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Archive for January, 2012

Classic Album Review-Tex Williams “Those Lazy Hazy Days”

Greetings from Asheville, where good music can always be found on the turntable, in the CD player, or the MP3 player, as well. Today’s Classic Album Review takes you to a place you likely haven’t been, previously; in front of a speaker listening to the 1974 Tex Williams release, Those Lazy Hazy Days. His only release for the Granite label, the album didn’t garner much attention, upon it’s release, failing to find the album charts, while only one of the three singles released from the album, charted.

Tex, himself, had pretty much fallen from view, as far as chartdom was concerned. He had last appeared on the Country 40 in 1971 with “The Night Miss Nancy Ann’s Hotel For Single Girls Burned Down”, the eighteenth and final Country 40 entry for Tex. Tex had first gained fame in the 1940’s, as the lead vocalist for Spade Cooley’s band, and can even be heard on Cooley’s biggest hit, “Shame On You”. Tex would eventually leave and form his own band, The Western Caravan, and would score hits such as “Life Gits Tee-jus, Don’t It”, “Never Trust A Woman”, and the smash “Smoke Smoke Smoke (That Cigarette)”.

Those Lazy Hazy Days was Tex’s seventh album of original material.

The title cut, “Those Lazy Hazy Crazy Days Of Summer” is the opening track. I have to admit to being a bit skeptical, before my first hearing of Tex’s take on the Nat King Cole hit, but have to admit to being pleasantly surprised at how well Tex handled the track. In fact, one would almost think the song was written with Tex’s deep vocals in mind. Credit, too, the legendary Cliffie Stone, who produced the album, for a really good arrangement, as well. This was the album’s one charting single, but it only mustered a seventy peak.

Another of the album’s singles, “Is This All You Hear (When A Heart Breaks)” also garners good marks, with a fine vocal performance by Tex Williams on a good quality track.

Coal mine tragedies have, from time to time, found their way into Country music lore. “The Death Of Floyd Collins” and “Last Day In The Mines” immediately come to mind. “Nowhere West Virginia” is in that same vein, but as a composition, I don’t this track is quite as good. Also, unlike the first two tracks, Tex’s vocals sounds aged, here.

The vocals return, though, on the playful “Bum, Bum Bum”, which is a lighthearted play on Conway Twitty’s classic “You’ve Never Been This Far Before”. Not a bad novelty track, but unfortunately, as a single, it garnered little notice.

Side one ends with “Mother Was A Sideman”, an okay track. The vocals are a bit shaky at the start, but seem to warm up by the end.

Side two opens with a playful nod to Merle Haggard and his classic “Working Man Blues”, with “I’m Haggard Too”. A pretty decent track, and lyrically, a track that many, today, can identify with.

“Dust On The Snow” is a decent little track about the old man who has the advice about the passing days. The real highlight is the great speaking voice of Tex Williams.

One of the highlights of the album, may well be “The Place Marked M-E-N”, a pretty humorous adventure in the local bar. I thought this was a great track.

Tex next tackles a track titled “Hey Warden”. A mid tempo track, one that really didn’t do anything for me one way or the other. Again, Tex’s vocals sound a little worn, here, compared to some of the other tracks.

The album wraps with a quick-paced little piece titled “Fire And Blisters”. Not the album’s best track, but not bad; a track that has a catchy melody and decent lyrics. Tex’s vocals are stronger, here, as he gives a fine performance to wrap the album.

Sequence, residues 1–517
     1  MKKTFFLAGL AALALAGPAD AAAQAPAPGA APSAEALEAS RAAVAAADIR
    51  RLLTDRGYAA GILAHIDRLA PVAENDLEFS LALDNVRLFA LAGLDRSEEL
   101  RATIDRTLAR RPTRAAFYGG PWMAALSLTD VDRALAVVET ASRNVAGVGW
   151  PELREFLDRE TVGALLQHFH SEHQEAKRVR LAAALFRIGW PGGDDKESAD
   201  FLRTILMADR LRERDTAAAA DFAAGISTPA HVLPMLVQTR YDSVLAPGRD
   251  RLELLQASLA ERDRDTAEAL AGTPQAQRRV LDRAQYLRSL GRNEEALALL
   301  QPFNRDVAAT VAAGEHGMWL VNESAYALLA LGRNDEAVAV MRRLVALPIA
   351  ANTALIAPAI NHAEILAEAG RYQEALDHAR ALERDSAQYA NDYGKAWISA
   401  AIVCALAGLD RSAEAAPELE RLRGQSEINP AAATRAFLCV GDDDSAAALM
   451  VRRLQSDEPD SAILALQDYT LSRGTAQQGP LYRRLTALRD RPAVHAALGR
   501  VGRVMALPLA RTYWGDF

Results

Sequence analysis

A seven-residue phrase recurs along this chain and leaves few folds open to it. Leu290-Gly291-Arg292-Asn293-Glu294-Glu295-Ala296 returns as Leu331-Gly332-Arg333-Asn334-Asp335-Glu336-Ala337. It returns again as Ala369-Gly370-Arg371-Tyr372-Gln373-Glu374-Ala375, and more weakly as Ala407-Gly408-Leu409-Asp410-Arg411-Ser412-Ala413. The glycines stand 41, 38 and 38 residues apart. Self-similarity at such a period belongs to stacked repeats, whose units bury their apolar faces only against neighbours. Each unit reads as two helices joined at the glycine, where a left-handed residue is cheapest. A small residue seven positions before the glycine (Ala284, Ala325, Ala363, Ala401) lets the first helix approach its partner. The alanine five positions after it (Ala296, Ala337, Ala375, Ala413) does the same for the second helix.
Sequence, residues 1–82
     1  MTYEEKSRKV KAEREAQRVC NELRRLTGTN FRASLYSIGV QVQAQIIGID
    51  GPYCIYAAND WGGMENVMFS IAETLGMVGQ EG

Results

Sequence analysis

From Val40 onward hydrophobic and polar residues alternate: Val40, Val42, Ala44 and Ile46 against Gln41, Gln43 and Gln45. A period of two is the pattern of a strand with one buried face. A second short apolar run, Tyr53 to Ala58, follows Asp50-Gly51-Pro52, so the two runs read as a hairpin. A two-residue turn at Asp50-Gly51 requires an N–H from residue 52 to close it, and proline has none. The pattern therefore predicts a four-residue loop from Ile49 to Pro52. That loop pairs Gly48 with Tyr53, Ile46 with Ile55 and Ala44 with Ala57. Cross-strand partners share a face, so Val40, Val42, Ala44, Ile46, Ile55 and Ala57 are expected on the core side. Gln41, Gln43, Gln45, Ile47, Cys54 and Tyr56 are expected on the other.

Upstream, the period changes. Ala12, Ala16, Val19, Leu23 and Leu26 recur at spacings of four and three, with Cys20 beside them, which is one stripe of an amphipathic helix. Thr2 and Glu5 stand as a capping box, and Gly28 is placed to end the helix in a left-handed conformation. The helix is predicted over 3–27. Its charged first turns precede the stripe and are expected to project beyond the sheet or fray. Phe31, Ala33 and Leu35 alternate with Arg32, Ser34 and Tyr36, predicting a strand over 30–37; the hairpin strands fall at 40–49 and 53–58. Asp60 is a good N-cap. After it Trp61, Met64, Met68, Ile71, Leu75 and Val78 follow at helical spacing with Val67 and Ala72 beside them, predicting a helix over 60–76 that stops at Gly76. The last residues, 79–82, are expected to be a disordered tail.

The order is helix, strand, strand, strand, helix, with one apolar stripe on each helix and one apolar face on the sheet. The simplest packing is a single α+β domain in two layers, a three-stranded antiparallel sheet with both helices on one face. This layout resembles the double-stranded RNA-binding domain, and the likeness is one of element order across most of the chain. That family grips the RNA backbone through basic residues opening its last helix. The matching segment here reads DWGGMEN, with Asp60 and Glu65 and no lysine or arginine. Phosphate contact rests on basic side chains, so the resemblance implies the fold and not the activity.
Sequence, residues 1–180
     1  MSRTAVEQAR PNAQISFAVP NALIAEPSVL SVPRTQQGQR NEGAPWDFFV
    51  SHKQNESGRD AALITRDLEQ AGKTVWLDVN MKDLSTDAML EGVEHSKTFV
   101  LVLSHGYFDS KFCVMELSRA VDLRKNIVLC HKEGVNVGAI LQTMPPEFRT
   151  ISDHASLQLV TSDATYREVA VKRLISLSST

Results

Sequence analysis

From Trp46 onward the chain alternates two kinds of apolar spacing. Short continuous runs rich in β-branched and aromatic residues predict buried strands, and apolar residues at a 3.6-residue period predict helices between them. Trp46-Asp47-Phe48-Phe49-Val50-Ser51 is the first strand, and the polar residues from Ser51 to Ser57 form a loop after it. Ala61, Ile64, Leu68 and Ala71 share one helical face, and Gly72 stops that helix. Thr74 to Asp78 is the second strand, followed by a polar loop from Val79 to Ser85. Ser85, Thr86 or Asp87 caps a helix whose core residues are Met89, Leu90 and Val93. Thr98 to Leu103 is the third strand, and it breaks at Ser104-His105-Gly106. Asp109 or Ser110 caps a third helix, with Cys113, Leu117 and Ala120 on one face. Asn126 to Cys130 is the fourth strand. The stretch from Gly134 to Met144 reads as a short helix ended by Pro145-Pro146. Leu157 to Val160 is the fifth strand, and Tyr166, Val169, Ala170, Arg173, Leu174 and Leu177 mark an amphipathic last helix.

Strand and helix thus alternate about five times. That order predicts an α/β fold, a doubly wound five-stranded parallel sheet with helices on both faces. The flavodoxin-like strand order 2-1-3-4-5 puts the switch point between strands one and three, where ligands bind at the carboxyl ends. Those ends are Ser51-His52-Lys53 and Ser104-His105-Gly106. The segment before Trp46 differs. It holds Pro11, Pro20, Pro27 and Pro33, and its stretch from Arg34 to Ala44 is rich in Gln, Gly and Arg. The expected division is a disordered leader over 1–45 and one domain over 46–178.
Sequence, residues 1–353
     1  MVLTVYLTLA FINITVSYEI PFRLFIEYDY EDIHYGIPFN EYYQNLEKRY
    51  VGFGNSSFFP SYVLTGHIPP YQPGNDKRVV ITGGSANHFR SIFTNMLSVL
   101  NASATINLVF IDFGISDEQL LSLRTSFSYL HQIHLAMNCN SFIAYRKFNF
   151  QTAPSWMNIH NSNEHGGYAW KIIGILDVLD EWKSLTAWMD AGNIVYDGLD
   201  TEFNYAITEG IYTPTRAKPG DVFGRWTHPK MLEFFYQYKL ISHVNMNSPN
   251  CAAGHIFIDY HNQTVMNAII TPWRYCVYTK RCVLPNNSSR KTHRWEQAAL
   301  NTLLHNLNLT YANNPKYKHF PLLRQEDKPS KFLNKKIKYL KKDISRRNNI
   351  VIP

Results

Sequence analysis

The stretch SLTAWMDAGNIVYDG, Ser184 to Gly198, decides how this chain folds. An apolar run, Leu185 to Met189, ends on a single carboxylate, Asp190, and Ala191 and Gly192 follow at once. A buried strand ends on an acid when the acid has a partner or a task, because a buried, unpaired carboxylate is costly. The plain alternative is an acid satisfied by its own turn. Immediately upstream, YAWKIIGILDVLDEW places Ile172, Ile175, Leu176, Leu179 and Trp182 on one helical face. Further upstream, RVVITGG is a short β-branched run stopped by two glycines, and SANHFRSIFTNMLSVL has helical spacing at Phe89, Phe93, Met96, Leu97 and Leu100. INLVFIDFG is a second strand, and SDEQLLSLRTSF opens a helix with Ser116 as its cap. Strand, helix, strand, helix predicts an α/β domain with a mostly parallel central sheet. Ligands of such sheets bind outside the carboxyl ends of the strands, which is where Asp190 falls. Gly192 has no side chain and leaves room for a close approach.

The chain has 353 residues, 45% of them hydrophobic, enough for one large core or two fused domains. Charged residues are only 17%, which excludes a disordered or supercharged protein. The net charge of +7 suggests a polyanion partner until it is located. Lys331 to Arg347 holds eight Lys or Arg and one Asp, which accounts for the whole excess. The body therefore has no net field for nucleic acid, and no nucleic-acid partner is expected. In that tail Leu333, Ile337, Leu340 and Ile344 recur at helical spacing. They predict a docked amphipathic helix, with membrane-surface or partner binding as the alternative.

Though this album doesn’t appear to be available on CD, it is available as an MP3 download. Plus, I actually found several used copies in the $5 to $18 range.

I give the title track my Standout Track, while I’m giving “The Place Marked M-E-N” my Hidden Gem nod. “Hey Warden” gets my Weakest Track nod.

Overall, it’s not a bad album. In spots, Tex’s voice seems a little worn with age, but in other places, it’s nearly as good as his hit-making days. The arrangements are fine, while the songs are good. I give this one a 3 out of 5.

Be the first to comment - What do you think?  Posted by Mike The Country Musicologist - January 31, 2012 at 6:30 AM

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Single Of The Day-Ronnie Milsap “Houston Solution”

Greetings from Asheville, where good music can always be found on the turntable, as well as the CD and MP players. Your Single Of The Day is one of forty-nine top ten hits that Ronnie Milsap enjoyed during his hit-making days.

The forty-fourth of those top ten hits, made it’s debut in May, 1989, and would peak at four, by the end of Summer. “Houston Solution”, along with it’s immediate predecessor, “Don’t You Ever Get Tired (Of Hurting Me)”, showed that Ronnie could still twang it up with the best of them. Not an out-and-out slow song, but a medium-slow tempo, the sound was really a departure from the singles that had preceded both of these. Those singles, while hits, had shown some of the strongest Pop-influenced sound of Ronnie’s discography; “Where Do The Nights Go”, “Button Off My Shirt”, and “How Do I Turn You On”, in particular. “Houston Solution”, though, was good Country.

Saving vinyl, one record at a time.

1 comment - What do you think?  Posted by Mike The Country Musicologist - at 6:00 AM

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Classic Album Review-Chet Atkins “The Most Popular Guitar”

Greetings from Asheville, where good music can always be found on the turntable, in the CD player, or the MP3 player. Today’s Classic Album Review takes a reflective look at Chet Atkins’ The Most Popular Guitar. Released in May, 1961, in both stereo and mono versions, it was his fifteenth RCA Victor release. There was no Country album list or charts, at that time, but the album did make it to the Pop charts, peaking at one-nineteen. No singles were taken from this album.

The Gershwins’ “It Ain’t Necessarily So” opens things, here. A slow, bluesy, slightly jazzy take on this classic, that should delight any fan of stellar guitar playing.